My Forested Eden

My Forested Eden

Despite the challenges aging brings, Ronnie Chittam continues to be invigorated and renewed by the land she cares for and the friends who come to cherish the sacred retreat she has created.

Living off the grid on a wild and scenic river in the Northwest is my Eden, but it makes no allowance for frailty. First, visitors admire my lifestyle: “You are so lucky to have this beautiful spot away from the craziness of cities!” Then they ask, “How much longer do you think you can take care of this place?”

It’s a shock to be in my mid-70s. I’m losing confidence that my youthful energy will keep up with my youthful exuberance, knowing that the physical means to express it may not be sustainable.

In my forest idyll are two private cabins, a quarter mile from my own. People rent them for a few days to laze in the river and reconnect to the elements from which they were forged. The men stop shaving, and the women lose their eyeliner. They return year after year, and I value them as extended family. So their concern in noticing my new wrinkles and gray hair reminds me: I expected to live forever in my dream-come-true, but I did not plan to grow old along the way.

It wears on me that others see what I am not ready to address. Yes, I have aged. And no, I am not infirm. I still walk my dogs a couple of miles each day uphill and down; I still chop wood and haul it in a wheelbarrow to the wood stove. Yes, slower than last year. And if I shut off the what-ifs about how long I can keep this up, I can enjoy every day at my pace until I go to sleep and don’t wake up.

I grew up on a farm, where being active was mandatory. There were cows to milk, gardens to plant, and food to can. Intertwined were adventures not so common even then: in grade school, my brother and I rode a horse to the one-room school where the forest ranger’s wife taught five of us about the Lewis and Clark expedition. The stories of the Native American guide Sacagawea and her encounters with roaring rivers and forest creatures ignited such a longing in me that I knew I would live one day in the woods on a wild river.

It took close to 40 years to get here—after college, two marriages, working in Silicon Valley, and serving as a hospice/hospital chaplain. When my second marriage ended, I moved to 20 acres of forest miles off the highway. It came with a shack and a run-down bunkhouse. No electricity and no indoor plumbing. Not a level patch of earth, but it all ran down to that magnificent wild and scenic river. I barely noticed the blackberry vines and poison oak running through the old pickup and bedsprings.

When my office had a going-away party for me, I overheard, “I give her six weeks.” A coworker teased, “How far is the nearest Nordstrom?” It didn’t matter. Nearing 60 and full of expectation, I imagined a spiritual retreat for people like me who wanted to actually see the stars, as well as sleep under them. It would pay for my building needs and, just as importantly, visitors to it would keep me in touch with the world. And so it has.

An Inquiry into the Inevitable

Years have gone by. The bunkhouse is now a charming home. The shack has become a cozy cabin with decks overlooking the river. The pickup carcass and bedsprings are gone, along with most of the blackberry bushes and poison oak.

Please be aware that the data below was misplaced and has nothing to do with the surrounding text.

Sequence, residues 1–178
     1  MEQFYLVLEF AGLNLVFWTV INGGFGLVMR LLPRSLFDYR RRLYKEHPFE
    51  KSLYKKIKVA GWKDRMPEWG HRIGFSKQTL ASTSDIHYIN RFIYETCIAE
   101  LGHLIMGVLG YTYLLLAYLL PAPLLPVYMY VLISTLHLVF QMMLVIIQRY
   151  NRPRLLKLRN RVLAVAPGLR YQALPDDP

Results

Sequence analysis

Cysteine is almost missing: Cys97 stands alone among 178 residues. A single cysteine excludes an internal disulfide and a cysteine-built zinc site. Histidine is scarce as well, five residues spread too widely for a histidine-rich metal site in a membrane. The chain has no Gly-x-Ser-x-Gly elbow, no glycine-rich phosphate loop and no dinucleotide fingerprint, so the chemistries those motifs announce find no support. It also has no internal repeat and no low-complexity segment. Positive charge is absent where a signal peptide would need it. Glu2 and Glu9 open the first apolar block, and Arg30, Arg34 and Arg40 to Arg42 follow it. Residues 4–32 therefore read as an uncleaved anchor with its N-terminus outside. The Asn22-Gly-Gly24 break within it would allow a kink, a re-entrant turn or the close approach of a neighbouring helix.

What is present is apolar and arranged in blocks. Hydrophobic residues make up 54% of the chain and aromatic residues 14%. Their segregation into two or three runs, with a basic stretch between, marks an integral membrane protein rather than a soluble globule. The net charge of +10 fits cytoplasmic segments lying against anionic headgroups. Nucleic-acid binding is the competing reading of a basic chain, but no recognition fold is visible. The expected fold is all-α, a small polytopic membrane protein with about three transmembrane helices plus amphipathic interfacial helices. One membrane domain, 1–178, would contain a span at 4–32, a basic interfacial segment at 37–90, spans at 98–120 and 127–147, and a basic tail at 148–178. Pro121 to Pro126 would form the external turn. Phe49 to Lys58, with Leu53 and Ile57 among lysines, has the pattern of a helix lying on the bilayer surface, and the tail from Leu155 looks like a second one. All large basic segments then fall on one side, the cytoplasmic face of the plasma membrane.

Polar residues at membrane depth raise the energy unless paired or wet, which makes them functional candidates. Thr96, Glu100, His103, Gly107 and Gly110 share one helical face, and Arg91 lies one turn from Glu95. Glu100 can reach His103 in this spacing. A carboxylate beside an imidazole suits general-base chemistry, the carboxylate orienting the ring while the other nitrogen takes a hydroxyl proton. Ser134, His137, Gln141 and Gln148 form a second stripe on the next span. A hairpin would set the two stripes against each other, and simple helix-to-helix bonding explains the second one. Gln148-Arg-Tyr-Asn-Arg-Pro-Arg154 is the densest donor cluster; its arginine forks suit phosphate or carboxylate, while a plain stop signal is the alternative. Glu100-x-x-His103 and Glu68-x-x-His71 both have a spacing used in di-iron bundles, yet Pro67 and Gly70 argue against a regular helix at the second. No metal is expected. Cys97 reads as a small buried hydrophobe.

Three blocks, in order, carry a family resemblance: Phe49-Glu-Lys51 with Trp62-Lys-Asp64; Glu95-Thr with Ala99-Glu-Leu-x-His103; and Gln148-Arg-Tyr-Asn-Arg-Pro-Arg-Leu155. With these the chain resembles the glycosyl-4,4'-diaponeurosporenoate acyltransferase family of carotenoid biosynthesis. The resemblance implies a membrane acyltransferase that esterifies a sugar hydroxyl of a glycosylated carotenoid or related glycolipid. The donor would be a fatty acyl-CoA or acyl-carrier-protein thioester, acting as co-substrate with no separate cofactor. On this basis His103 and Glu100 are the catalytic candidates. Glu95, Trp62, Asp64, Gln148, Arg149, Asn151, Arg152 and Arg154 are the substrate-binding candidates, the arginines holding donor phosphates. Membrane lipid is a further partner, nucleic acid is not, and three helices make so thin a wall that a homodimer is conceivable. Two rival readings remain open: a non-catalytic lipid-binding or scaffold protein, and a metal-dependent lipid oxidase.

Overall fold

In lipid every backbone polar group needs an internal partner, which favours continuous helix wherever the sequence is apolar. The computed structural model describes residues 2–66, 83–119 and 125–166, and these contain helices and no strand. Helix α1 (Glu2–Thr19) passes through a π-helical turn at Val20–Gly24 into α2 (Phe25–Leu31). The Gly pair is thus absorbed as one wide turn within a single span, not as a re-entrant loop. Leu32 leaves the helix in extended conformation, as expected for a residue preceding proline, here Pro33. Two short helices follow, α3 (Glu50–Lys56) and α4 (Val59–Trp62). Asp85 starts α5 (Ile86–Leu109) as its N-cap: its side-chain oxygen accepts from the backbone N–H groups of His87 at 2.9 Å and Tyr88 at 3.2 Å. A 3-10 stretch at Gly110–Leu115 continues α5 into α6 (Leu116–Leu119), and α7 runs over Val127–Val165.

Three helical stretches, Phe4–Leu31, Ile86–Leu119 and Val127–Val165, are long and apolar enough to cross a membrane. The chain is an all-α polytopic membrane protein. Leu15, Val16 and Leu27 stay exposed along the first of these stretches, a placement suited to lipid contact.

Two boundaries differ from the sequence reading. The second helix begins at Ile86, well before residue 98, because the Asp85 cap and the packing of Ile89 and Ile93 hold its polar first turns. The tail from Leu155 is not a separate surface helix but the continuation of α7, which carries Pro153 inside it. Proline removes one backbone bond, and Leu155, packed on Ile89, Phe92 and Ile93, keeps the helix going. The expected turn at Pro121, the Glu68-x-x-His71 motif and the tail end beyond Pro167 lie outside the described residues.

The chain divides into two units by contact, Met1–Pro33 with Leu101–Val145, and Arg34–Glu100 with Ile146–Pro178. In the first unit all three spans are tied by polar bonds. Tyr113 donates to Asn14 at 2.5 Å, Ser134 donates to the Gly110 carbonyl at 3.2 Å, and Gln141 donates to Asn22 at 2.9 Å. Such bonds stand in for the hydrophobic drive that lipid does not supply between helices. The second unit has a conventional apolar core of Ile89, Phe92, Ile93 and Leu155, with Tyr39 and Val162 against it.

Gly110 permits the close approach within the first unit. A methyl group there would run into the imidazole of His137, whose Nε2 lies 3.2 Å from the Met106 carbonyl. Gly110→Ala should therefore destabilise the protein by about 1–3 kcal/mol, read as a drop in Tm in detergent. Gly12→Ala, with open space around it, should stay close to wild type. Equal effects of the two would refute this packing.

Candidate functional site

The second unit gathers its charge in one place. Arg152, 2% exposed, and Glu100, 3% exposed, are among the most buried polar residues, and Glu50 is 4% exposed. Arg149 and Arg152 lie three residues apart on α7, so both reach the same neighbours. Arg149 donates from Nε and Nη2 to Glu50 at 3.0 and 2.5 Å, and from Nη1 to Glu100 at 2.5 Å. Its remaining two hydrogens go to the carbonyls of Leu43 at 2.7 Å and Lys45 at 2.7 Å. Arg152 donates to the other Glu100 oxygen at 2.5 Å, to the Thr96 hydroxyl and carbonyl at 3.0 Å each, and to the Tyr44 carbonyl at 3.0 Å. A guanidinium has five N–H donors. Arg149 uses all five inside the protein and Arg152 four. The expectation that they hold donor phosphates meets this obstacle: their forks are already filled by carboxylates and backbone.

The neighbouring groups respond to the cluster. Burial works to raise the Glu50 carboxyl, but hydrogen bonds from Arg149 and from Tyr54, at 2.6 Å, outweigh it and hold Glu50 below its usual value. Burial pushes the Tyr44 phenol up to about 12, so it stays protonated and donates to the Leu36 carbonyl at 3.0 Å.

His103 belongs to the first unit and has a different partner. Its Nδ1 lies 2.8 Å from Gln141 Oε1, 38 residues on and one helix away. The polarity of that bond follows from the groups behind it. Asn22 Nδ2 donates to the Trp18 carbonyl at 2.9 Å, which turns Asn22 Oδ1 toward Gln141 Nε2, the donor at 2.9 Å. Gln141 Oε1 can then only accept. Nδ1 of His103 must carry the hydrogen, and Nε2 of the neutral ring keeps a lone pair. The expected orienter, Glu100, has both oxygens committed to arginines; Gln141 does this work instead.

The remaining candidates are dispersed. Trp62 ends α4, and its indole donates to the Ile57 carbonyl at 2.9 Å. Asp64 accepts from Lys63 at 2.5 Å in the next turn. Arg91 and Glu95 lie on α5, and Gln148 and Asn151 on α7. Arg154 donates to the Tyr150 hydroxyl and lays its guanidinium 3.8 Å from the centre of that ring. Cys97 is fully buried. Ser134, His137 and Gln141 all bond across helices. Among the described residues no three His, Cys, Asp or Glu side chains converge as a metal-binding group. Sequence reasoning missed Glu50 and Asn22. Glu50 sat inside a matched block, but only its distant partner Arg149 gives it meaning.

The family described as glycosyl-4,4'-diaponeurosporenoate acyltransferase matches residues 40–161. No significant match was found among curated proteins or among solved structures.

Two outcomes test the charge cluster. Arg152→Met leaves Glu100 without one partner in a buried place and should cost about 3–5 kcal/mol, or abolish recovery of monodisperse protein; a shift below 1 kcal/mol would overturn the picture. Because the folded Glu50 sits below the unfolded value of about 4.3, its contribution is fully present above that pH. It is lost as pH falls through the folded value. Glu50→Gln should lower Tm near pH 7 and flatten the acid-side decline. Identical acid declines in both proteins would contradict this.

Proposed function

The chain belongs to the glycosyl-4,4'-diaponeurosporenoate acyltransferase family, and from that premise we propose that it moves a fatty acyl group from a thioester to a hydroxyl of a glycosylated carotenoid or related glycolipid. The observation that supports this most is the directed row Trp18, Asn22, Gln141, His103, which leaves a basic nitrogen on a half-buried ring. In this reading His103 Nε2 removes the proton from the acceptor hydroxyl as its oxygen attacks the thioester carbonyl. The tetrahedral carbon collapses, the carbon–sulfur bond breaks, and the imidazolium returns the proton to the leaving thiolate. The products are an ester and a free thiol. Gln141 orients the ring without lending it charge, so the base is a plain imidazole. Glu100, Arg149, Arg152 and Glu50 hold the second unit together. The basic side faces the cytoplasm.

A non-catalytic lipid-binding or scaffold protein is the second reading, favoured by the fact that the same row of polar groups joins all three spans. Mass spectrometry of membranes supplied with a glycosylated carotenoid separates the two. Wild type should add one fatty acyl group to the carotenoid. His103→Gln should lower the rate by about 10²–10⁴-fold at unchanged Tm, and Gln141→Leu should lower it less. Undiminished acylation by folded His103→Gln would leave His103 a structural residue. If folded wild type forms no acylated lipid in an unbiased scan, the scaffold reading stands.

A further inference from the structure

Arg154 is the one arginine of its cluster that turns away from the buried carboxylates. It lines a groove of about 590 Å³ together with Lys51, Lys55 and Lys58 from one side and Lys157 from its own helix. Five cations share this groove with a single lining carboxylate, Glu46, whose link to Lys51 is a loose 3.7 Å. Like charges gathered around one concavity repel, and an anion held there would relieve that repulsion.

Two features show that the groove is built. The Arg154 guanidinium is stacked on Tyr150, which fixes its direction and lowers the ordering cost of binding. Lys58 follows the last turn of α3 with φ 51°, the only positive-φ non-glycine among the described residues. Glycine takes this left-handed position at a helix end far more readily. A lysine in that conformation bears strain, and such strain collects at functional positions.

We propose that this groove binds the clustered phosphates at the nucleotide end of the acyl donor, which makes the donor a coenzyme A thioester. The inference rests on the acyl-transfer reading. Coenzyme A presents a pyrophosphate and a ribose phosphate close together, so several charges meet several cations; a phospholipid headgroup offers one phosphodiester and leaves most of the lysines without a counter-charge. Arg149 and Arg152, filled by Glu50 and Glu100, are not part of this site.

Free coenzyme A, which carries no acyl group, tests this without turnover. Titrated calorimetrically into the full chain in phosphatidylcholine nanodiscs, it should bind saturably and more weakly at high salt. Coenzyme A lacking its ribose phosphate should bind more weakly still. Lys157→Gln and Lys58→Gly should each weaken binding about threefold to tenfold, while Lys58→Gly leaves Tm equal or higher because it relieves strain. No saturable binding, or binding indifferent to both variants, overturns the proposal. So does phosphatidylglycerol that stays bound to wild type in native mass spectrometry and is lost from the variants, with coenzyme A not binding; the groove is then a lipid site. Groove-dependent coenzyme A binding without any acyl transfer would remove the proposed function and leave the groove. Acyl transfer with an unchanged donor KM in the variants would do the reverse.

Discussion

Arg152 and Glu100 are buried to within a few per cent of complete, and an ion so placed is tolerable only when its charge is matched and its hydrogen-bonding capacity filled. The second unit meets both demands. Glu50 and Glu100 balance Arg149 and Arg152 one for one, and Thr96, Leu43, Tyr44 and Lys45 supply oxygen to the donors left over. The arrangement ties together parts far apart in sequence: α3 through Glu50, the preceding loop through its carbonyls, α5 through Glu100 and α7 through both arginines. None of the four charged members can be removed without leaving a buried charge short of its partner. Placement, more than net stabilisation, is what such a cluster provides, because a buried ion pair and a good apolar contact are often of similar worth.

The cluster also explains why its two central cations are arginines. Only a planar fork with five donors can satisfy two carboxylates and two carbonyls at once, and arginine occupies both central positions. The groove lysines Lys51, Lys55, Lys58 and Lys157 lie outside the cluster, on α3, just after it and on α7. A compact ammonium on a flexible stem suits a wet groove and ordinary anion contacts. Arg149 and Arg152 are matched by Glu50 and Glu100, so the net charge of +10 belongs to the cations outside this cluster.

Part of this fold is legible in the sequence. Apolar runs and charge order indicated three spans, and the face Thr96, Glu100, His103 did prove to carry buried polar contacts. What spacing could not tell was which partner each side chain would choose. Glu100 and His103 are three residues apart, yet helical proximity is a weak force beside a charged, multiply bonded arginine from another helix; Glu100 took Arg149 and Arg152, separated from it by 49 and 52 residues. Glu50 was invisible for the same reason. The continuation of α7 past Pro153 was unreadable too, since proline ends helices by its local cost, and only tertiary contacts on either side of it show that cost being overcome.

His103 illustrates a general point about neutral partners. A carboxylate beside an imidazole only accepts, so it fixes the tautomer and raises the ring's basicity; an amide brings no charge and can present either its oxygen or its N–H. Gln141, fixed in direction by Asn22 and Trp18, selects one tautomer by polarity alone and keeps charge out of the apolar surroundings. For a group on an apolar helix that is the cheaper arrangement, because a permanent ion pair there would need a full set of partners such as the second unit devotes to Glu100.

Now I am cautioned by younger, more energetic souls to be proactive, to bring in a caretaker before I need one. It tears at my heart. The heaviness I feel is so deep I begin to watch my feet and stumble over the rocks I once barely noticed. My shoulders curl inward, and I hate to look in the mirror each morning. My mind slides into limbo so I don’t have to think about it. But a rebellion stirs within.

Since I began this inquiry of facing the inevitable, spring showed up! Rain clouds moved on, and the sun came out. The Pacific Sunset maples I planted to shade the house turned red at the tips as buds emerged. I announced to myself, “I’m bored with this soundtrack of growing old. I still have a class in bee pollinating to go to!”

I am reminded of some of the old-timers I met who first came here in the early 1900s. Many of them had been diagnosed with terminal illnesses, so they returned to experience their last years at the river and do some hard rock gold mining. When I talked to them, they were in their 80s and 90s and still climbing to their claims and bathing in the cold waters of the river.

Guests have their own precious memories of being here. One couple has scattered the ashes of their 12-year-old child who splashed in the water and dug in the sand, knowing he had only a limited time on this earth. Other couples officially pledged their love under the old Douglas fir. A little girl afraid of animals sat quietly in wonder, water to her chest, mother beside her, and allowed a fawn to swim circles around them. My friends are as invested in this place, and in me, as I am.

So my focus has shifted. The years snuck up on me while I was busy living. When someone pointed that out, it was like watching the film end and everything going dark while the credits ran. Then spring came. Meadows need to be mowed, brush must be burned before fire season. I have to read up on telescopes and sign up for harmonica lessons.

The universe sends me help when I need it. I don’t have time to question that now. I’ll never be this young again.

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